Identification of walked-upon materials in auditory, kinesthetic, haptic, and audio-haptic conditions

Giordano, B.L., Visell, Y., Yao, H.Y., Hayward, V., Cooperstock, J., & McAdams, S. (2012) Journal of the Acoustical Society of America, 131, 4002-4012. Fulltext.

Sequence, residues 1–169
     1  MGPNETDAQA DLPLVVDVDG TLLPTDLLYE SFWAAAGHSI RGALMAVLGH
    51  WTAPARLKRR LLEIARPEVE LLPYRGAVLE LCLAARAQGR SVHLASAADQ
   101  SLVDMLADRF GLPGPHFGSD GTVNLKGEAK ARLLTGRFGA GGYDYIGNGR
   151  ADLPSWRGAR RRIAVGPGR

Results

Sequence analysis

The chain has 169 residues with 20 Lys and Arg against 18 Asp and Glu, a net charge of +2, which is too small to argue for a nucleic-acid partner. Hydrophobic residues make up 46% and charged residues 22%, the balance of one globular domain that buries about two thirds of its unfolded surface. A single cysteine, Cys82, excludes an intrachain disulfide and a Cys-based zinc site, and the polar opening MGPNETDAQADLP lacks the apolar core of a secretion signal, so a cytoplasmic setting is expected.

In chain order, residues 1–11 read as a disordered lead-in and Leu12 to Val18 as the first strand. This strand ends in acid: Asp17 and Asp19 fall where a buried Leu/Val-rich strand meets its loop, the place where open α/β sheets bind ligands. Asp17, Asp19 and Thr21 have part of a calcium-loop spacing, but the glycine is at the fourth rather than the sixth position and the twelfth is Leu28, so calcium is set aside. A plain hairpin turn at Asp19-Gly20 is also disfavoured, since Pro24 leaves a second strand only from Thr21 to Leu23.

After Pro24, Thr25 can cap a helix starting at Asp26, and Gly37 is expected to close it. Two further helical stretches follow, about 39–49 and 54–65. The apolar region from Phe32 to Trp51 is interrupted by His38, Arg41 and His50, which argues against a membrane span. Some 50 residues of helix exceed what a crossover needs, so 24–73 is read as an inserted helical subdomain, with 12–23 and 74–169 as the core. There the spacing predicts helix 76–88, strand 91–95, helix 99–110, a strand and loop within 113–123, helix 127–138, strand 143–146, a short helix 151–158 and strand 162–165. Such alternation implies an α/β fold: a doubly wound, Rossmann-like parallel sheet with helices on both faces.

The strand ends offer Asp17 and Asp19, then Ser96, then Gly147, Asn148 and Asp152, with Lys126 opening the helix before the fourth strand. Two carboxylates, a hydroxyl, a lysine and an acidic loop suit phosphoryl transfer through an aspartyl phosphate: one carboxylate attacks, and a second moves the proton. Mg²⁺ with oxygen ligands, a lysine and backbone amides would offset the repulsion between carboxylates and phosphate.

Locomotion generates multisensory information about walked-upon objects. How perceptual systems use such information to get to know the environment remains unexplored. The ability to identify solid (e.g., marble) and aggregate (e.g., gravel) walked-upon materials was investigated in auditory, haptic or audio-haptic conditions, and in a kinesthetic condition where tactile information was perturbed with a vibromechanical noise. Overall, identification performance was better than chance in all experimental conditions and for both solids and the better identified aggregates. Despite large mechanical differences between the response of solids and aggregates to locomotion, for both material categories discrimination was at its worst in the auditory and kinesthetic conditions and at its best in the haptic and audio-haptic conditions. An analysis of the dominance of sensory information in the audio-haptic context supported a focus on the most accurate modality, haptics, but only for the identification of solid materials. When identifying aggregates, response biases appeared to produce a focus on the least accurate modality— kinesthesia. When walking on loose materials such as gravel, individuals do not perceive surfaces by focusing on the most accurate modality, but by focusing on the modality that would most promptly signal postural instabilities.